FOOT SMOKE FREEZE. TAF) GENERAL NOTICE GRAPHIC AREA FORECAST GROUND HAIL GRADIENT GRADUAL GREAT LAKES SNOW PELLETS GUSTY HEIGHT HIGH HIGHER HILL TOP HUNDRED HECTOPASCAL HOUR HUDSON BAY HEAVY HAZE ICING ICING IN CLOUD Contractions IMDT IMPRG INCR INSTBY INTMT INTSFY INTSTY INVOF IR ISOL JMSBA JTSTR KM KPA KT L/V LAT LCL LGT LK LKLY LLJ LLWS LN LO LONG LTGCC LTGCG LTGIC Plain Language IMMEDIATE IMPROVING INCREASE INSTABILITY INTERMITTENT INTENSIFY INTENSITY IN VICINITY OF INFRARED ISOLATE JAMES BAY JETSTREAM KILOMETRE KILOPASCAL KNOT LIGHT AND VARIABLE LATITUDE LOCAL LIGHT LAKE LIKELY LOW LEVEL JET LOW LEVEL WIND SHEAR LINE LOW LONGITUDE LIGHTNING CLOUD TO CLOUD LIGHTNING CLOUD TO GROUND LIGHTNING IN CLOUD 42 Aviation Weather Services Guide . FREEZING FREEZING DRIZZLE ICE FOG FREEZING LEVEL FREEZING RAIN GUST(METAR.Contractions FRQ FSS FT FU FZ FZDZ FZFG FZLVL FZRA G GENOT GFA GND GR GRAD GRDL GRTLKS GS GSTY HGT HI HIER HLTP HND HPA HR HSNBA HVY HZ ICG ICGIC Plain Language FREQUENT FLIGHT SERVICE STATION FEET.
Contractions LTL LTNG LVL LWR LYR MAX MB MDT MECH METAR MIFG MIN MOV MRNG MRTM MSL MST MSTLY MSTR MTW MVFR MXD N NC NE NEG NGT NGTM NM NMRS NR NS Plain Language LITTLE LIGHTNING LEVEL LOWER LAYER MAXIMUM MILLIBAR MODERATE MECHANICAL AVIATION ROUTINE WEATHER SHALLOW FOG MINIMUM MOVE MORNING MARITIME MEAN SEA LEVEL MOIST MOSTLY MOISTURE MOUNTAIN WAVES MARGINAL VISUAL FLIGHT RULES MIXED NORTH NO CHANGE NORTHEAST NEGATIVE NIGHT NIGHTIME NAUTICAL MILE NUMEROUS NEAR NIMBOSTRATUS Contractions NSW NW NXT OBSC OCLD OCLN OCNL OFSHR ONSHR ORGPHC ORGZ OTLK OTWZ OVC OVR OVRHD PCPN PD PIREP PL POS PRES PRESFR PRESRR PROB PROG PRST PSBL PSN PTCH PTLY Plain Language NIL SIG WEATHER NORTHWEST NEXT OBSCURE OCCLUDE OCCLUSION OCCASIONAL OFFSHORE ONSHORE OROGRAPHIC ORGANISE OUTLOOK OTHERWISE OVERCAST OVER OVERHEAD PRECIPITATION PERIOD PILOT REPORT ICE PELLETS POSITIVE PRESSURE PRESSURE FALLING RAPIDLY PRESSURE RISING RAPIDLY PROBABILITY PROGNOSIS. PROGNOSTIC PERSIST POSSIBLE POSITION PATCH PARTLY Aviation Weather Services Guide 43 .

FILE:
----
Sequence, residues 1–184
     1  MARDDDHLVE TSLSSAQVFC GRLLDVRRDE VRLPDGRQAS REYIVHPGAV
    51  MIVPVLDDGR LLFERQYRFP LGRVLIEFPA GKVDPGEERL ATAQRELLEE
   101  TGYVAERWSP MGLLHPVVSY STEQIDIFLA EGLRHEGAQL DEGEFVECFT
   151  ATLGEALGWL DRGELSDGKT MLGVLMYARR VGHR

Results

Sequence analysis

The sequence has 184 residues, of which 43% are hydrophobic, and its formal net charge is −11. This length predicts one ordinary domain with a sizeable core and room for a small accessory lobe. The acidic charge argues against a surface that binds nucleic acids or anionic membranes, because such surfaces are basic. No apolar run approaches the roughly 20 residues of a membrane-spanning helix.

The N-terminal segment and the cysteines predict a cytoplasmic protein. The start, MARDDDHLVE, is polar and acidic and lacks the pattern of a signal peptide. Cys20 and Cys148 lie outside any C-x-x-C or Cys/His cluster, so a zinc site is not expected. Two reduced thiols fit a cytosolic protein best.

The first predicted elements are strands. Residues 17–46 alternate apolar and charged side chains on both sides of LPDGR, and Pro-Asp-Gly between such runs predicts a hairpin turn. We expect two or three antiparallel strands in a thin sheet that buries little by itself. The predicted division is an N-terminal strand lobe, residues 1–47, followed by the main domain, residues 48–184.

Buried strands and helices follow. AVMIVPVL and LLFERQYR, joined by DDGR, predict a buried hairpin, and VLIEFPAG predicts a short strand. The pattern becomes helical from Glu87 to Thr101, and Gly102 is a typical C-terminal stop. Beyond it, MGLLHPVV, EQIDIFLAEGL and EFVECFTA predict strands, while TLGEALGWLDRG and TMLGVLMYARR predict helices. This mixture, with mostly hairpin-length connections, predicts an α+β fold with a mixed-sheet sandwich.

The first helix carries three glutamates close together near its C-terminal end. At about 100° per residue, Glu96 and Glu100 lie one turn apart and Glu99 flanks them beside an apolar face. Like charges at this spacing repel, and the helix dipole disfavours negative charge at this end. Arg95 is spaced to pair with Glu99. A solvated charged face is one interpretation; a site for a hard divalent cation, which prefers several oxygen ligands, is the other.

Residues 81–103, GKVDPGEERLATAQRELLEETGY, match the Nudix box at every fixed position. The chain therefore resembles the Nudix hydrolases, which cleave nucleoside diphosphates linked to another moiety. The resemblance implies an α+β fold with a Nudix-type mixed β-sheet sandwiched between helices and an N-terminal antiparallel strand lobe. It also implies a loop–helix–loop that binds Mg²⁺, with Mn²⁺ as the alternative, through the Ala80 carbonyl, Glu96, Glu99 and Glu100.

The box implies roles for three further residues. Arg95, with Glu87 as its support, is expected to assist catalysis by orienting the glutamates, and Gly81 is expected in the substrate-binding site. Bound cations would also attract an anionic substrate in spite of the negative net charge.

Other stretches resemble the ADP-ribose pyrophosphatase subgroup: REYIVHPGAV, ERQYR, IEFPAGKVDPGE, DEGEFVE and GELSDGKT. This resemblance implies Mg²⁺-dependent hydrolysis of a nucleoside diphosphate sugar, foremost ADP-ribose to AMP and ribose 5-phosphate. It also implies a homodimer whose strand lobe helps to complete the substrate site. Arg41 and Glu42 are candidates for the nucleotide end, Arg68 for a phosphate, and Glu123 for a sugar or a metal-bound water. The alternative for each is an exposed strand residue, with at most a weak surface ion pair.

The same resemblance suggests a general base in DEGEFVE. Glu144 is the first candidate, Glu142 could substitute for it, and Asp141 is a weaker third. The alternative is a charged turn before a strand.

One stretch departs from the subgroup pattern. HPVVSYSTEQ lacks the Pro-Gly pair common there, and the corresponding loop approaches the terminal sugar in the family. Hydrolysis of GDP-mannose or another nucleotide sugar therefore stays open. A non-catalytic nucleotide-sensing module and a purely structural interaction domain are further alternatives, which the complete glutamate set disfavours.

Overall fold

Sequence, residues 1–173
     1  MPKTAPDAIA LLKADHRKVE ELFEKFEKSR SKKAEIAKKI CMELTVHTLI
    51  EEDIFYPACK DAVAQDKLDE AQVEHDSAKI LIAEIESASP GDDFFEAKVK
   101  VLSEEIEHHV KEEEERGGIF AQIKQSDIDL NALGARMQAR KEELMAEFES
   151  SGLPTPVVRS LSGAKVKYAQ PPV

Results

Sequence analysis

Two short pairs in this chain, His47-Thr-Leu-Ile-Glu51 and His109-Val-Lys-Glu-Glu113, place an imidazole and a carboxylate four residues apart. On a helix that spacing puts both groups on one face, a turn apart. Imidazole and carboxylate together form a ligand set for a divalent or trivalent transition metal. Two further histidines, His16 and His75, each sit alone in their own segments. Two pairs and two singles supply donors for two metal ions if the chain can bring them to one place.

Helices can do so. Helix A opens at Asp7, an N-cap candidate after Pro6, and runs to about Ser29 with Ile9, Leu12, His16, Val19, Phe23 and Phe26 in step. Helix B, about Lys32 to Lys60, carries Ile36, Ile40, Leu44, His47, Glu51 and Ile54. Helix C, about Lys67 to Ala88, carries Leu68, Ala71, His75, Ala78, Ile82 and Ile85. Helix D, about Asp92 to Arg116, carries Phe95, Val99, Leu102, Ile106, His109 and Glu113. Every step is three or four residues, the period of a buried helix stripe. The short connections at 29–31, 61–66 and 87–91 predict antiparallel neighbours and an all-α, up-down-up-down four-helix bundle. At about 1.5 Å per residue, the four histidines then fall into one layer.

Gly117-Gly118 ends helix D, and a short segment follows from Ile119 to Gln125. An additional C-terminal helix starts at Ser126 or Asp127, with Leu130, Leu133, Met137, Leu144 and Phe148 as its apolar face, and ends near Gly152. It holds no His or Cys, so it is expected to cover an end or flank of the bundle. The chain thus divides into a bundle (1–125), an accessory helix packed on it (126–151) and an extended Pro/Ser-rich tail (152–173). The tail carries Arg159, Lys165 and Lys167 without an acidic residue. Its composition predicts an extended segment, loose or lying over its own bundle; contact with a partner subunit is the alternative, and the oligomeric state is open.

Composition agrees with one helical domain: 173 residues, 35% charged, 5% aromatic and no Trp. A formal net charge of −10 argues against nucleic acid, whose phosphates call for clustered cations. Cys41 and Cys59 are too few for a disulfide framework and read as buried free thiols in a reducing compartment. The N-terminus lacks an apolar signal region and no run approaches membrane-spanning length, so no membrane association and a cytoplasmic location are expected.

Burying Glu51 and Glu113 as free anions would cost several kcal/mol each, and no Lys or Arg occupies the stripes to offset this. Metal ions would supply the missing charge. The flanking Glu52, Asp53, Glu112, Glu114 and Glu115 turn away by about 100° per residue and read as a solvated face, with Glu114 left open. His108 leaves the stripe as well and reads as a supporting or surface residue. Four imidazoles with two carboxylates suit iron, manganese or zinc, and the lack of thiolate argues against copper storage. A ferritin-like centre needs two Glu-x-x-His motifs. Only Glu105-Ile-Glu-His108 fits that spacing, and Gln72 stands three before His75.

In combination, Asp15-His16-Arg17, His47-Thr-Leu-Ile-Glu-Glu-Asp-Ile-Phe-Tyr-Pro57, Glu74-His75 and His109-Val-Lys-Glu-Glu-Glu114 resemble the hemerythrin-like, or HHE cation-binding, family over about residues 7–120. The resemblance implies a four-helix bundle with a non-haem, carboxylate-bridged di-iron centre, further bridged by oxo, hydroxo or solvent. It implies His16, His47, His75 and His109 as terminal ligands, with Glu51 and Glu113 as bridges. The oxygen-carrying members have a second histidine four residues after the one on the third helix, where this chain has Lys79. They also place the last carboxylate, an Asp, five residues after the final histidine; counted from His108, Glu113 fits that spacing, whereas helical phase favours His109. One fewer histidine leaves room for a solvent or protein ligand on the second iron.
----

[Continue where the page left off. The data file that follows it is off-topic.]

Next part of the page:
Contractions QS RA RDG RE RGN RMK RPD RVR Plain Language Contractions Plain Language SNOW SNOWFALL SNOW SQUALL SPEED SPECIAL SQUALLS SQUALL LINE SOURCE STRATUS STABLE STEADY STRONG SEVERAL SOUTHWEST TEMPERATURE AERODROME FORECAST TROPICAL TOWERING CUMULUS DEW POINT TEMPORARY THICK THIN THROUGH THROUGHOUT THOUSAND TILL UNTIL TENDENCY TRACE TROUGH TROPOPAUSE TROUGH OF WARM S SC SCT SE SEV SF SFC SG SH SHGS SHLW SHPL SHRA SHSG SHSN SIGMET SIGWX SKC SLP QUASI-STATIONARY SN SNFL SNSQ RAIN SPD RIDGE SPECI RECENT SQ REGION SQLN REMARK SRC RAPID ST RUNWAY VISUAL RANGE STBL STDY SOUTH STG STRATOCUMULUS SVRL SCATTERED. SW SCATTER SOUTHEAST T SEVERE TAF STRATUS FRACTUS SURFACE TC SNOW GRAINS CYCLONE SHOWER TCU SNOW PELLET SHOWER TD SHALLOW TEMPO ICE PELLET THK SHOWER THN RAIN SHOWER THRU SNOW GRAIN THRUT SHOWER THSD SNOW SHOWER AVIATION WEATHER TILL WARNING TILL SIGNIFICANT TNDCY WEATHER TR SKY CLEAR TROF SEA LEVEL PRESSURE (METAR) TROP TROWAL 44 Aviation Weather Services Guide .
Contractions Plain Language AIR ALOFT TERRAIN THUNDERSTORM TURBULENCE TOWARD ROUTINE PIREP UNSTABLE UPPER UPSLOPE UPSTREAM UNIVERSAL TIME CO-ORDINATED VOLCANIC ASH VICINITY BLOWING SNOW IN VICINITY FOG (ANY TYPE) IN VICINITY SHOWER (ANY TYPE) IN VICINITY VISUAL FLIGHT Contractions Plain Language RULES VISIBILITY VISIBLE VALID VALLEY VARIABLE VERY WEST WIDELY WIDESPREAD WEAK WEAKEN WIND WARM WIND SHEAR WIND SHIFT EXTENSIVE EXTREME UNIVERSAL TIME CO-ORDINATED TRRN TS TURB TWD UA UNSTBL UPR UPSLP UPSTRM UTC VIS VISBL VLD VLY VRB VRY W WDLY WDSPRD WK WKN WND WRM WS WSHFT XTNSV XTRM ZULU (Z) VA VC VCBLSN VCFG VCSH VFR Aviation Weather Services Guide 45 .
ca contains most of the aviation weather information pilots will need to plan a flight.nws.ca or phone 1-800-876-4693.ec. Telephone numbers are listed in the CFS in the FLT PLN section of the airport/facility directory.noaa. use the e-mail address: service@navcanada. Toll-free access to weather briefing and flight planning services is available from NAV CANADA.12.weatheroffice. as well as links to other aviation weather products and publications from the Meteorological Service of Canada and the U. To contact NAV CANADA with questions or suggestions regarding aviation weather products or services.gc. National Weather Service at www. Aviation Weather References The NAV CANADA Aviation Weather Web Site at www.ca.gov.S.S.navcanada. use the Meteorological Service of Canada website at www. FSS Weather Briefing Local Number Toll-free Number PATWAS Local Airport NAV CANADA Contact Other weather information Telephone Number Telephone Number Name and Number 46 Aviation Weather Services Guide . National Weather Service (NWS).flightplanning. To obtain additional aviation weather information. and the U.
This action might not be possible to undo. Are you sure you want to continue?
We've moved you to where you read on your other device.
Get the full title to continue reading from where you left off, or restart the preview.